The Association for Computing Machinery recognized Andrew McGettrick, Jennifer Tour Chayes, Chris Hankin, Richard Anderson, and Marc Rotenberg with awards for their service to the computing field. Their peers selected the 2020 award recipients for their valuable contributions in areas including computing curriculum; increasing the participation of women in computing; strengthening ACM’s presence in Europe; leading technology policy efforts; and bridging the fields of computer science, education, and global health. For more details on each award, click here.
Ayar Labs appointed Rory McInerney as its executive advisor. McInerney will focus on building engineering, manufacturing, and supply chain units at Ayar Labs. He comes from Intel, where he built a 29-year career serving in leadership roles including as its corporate VP.
Terry Thorn also joined Ayar Labs as its VP of business development. Thorn will be responsible for growing commercial business and accounts. Thorn spent 24 years at Intel, where he served as general manager of global accounts in Intel’s Cloud & Enterprise Sales Group with direct responsibility for some of the company’s largest customers.
SiPearl, the company that is designing the high-performance, low power microprocessor for the European exascale supercomputer, tapped former strategic project manager at BSC, Anna Riverola, to lead SiPearl’s new office in Barcelona. Riverola will be responsible for managing all of the group’s research programs at European level.
“I am delighted to join SiPearl to lead its subsidiary in Catalonia and drive collaborative programs across Europe,” Riverola said. “This challenge is a continuation of my previous responsibilities within the scientific and industrial EPI consortium which is at the origin of SiPearl. Indeed, after having managed the research programs upstream of the project, I will now follow their implementation, the first step of which will be the launch of our first-generation microprocessor.”
Lightbits Labs, provider of NVMe over TCP cloud-native storage solutions, welcomed Gil Sasson as its chief research and development officer. Sasson brings over to Lightbits Labs, a vast backgroundin both R&D and cloud-native applications. At Lightbits, he will be responsible for leading all the product development engineering efforts and directing the design and deployment efforts for the company’s private and edge cloud solutions offerings.
Prior to joining Lightbits, Sasson served as vice president of R&D at N2WS, a former Veeam company, and managed R&D and customer support teams in the US and Israel. In that role, he decreased N2WS’ release cycles from 6 months to 2.5 months while growing its R&D productivity by more than 25%.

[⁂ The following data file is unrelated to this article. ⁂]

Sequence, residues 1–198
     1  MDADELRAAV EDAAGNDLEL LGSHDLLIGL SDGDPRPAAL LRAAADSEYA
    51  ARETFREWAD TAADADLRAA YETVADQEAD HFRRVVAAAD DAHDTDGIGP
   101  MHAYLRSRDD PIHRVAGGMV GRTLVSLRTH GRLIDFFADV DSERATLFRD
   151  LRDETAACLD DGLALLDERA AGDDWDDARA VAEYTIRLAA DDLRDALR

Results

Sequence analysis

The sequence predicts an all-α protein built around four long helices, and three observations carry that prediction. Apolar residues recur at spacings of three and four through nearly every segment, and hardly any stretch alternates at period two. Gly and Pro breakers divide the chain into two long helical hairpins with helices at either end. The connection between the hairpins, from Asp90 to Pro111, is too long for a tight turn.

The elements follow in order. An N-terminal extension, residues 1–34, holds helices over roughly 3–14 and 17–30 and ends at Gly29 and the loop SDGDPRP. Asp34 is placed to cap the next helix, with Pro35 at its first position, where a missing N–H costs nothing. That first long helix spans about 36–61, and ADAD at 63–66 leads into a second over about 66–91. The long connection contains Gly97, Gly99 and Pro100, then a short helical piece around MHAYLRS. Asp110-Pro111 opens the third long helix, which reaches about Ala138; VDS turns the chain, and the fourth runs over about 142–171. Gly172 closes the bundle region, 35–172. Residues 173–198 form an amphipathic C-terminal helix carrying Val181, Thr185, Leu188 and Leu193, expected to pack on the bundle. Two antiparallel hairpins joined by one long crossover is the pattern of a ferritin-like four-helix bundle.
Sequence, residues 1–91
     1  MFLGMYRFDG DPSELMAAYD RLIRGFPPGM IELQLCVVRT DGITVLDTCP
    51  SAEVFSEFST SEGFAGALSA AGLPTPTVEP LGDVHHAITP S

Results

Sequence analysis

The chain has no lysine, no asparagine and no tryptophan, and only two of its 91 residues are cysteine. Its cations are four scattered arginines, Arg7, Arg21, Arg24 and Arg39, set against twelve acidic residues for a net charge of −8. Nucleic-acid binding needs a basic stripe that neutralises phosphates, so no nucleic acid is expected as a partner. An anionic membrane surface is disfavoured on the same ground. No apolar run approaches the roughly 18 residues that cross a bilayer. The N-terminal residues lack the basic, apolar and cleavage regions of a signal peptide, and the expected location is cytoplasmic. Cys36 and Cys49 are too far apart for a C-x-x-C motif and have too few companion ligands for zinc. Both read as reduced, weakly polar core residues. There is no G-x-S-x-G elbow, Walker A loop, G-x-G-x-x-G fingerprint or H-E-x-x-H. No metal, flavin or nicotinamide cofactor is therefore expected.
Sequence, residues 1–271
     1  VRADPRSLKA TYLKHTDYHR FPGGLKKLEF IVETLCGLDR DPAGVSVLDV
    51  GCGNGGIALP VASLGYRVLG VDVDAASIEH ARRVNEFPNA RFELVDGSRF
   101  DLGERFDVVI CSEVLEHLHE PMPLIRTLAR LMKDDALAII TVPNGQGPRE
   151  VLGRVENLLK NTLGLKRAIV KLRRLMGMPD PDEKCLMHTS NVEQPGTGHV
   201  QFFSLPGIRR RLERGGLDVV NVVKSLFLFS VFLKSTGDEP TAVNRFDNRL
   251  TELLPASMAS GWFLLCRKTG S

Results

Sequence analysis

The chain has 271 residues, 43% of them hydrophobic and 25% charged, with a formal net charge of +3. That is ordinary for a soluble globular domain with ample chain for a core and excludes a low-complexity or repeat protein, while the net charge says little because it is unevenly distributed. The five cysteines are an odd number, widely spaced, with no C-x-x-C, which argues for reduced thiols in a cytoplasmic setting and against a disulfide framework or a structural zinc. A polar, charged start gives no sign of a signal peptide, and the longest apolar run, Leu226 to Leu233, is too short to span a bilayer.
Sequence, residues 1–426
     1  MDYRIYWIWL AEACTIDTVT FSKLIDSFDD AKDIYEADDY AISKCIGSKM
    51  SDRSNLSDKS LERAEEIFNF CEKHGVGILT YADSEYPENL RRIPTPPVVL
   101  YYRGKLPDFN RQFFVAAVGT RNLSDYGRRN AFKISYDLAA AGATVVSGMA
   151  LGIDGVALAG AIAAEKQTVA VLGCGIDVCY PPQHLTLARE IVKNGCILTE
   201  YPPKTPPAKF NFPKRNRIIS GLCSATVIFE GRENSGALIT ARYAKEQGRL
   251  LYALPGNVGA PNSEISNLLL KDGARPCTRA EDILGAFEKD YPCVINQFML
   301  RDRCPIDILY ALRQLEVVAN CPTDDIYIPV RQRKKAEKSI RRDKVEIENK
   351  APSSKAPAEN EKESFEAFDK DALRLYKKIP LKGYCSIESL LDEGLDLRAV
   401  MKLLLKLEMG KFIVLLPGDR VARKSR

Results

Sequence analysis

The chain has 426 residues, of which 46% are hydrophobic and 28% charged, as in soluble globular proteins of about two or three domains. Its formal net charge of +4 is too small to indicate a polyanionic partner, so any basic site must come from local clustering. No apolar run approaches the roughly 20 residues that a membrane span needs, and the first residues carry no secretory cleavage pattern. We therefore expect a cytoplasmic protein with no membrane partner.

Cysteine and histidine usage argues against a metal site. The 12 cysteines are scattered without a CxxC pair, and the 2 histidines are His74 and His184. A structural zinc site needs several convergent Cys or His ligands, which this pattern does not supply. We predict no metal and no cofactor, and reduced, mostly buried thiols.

Richard W. Spinrad was confirmed by the U.S. Senate as the undersecretary of commerce for oceans and atmosphere and the 11th NOAA administrator. He will oversee $7 billion in the proposed FY22 annual spending plan, including advancing U.S. weather modeling and prediction. Spinrad is an internationally renowned scientist with four decades of experience in the ocean, atmosphere, and climate science and policy.
“I am thrilled to be back and am ready to hit the ground running,” said Spinrad. “I am humbled to lead NOAA’s exceptional workforce on a mission so relevant to the daily lives of people across America and to the future health of our planet. And I will ensure that trust and scientific integrity will continue to be the foundation for all of our work.”
The Polsky Center for Entrepreneurship and Innovation at the University of Chicago appointed Chuck Vallurupalli as the first senior director of Duality, the first accelerator program dedicated to supporting innovative quantum startup companies. Duality is led by the founding partners, including the Polsky Center, the Chicago Quantum Exchange, the University of Illinois Urbana-Champaign, Argonne National Laboratory, and P33.
In addition, Preeti Chalsani will take a joint appointment with the Polsky Center and CQE as the deputy director of Duality along with her current duties as director of industry partnerships for quantum information science. Chalsani will work with Vallurupalli to set the accelerator’s strategic vision while providing the accelerator’s technology context and building relationships with corporate partners, mentors, quantum startups, partners, and stakeholders.
Pavilion Data Systems, a data storage company, announced the appointment of Dario Zamarian as the company’s chief executive officer. The company cited Zamarian’s “successful track record of creating value at all levels of companies, including venture-capital backed startups” and said “the timing of the executive move for Pavilion coincides with a planned period of accelerated product offerings and go-to-market outcomes, building upon a series of breakthrough wins in enterprise and federal accounts.” Previously, Zamarian held roles at Cisco and Dell. Most recently, he was CEO of Space Systems/Loral, a company of Maxar.
Nonprofit organization Activate Global Inc. announced the 2021 cohort of activate fellows. Twenty-four fellows were selected from nearly 400 applicants from 30 countries and 32 U.S. states. Cohort 2021 brings the total community of fellows supported since 2015 to 104. More than 80% of Activate fellows graduate with at least 12 months of financial runway to build their businesses. Current and alumni fellows have leveraged $26 million in fellowship support to raise nearly $330 million in additional research funding and initial private investments. For the list of the 24 fellows, click here.
The U.S. Department of Energy named 32 undergraduate and graduate students to receive the DOE Computational Science Graduate Fellowship. The fellows, chosen by a panel of outside experts, receive a stipend of $38,000, payment of full tuition and fees at any accredited U.S. university, and a $1,000 professional development allowance per year, all renewable for up to four years. They also participate in a 12-week research experience at DOE laboratories or sites with access to DOE supercomputers. For the full list of fellows, visit here.
TACC announced the awardees for Liliana Cabrera, Gallegos Gurpreet, Singh Hora, Yui Tik ‘Andrew’ Pang, and Hongyuan Zhang – for the 2021-2022 Frontera Computational Science Fellowship. The program provides a year-long opportunity for graduate students to compute time on the Frontera supercomputer with experts at TACC. For more information on all the winners, visit here.
To read last month’s edition of Career Notes, click here.
Do you know someone that should be included in next month’s list? If so, send us an email at [email protected]. We look forward to hearing from you.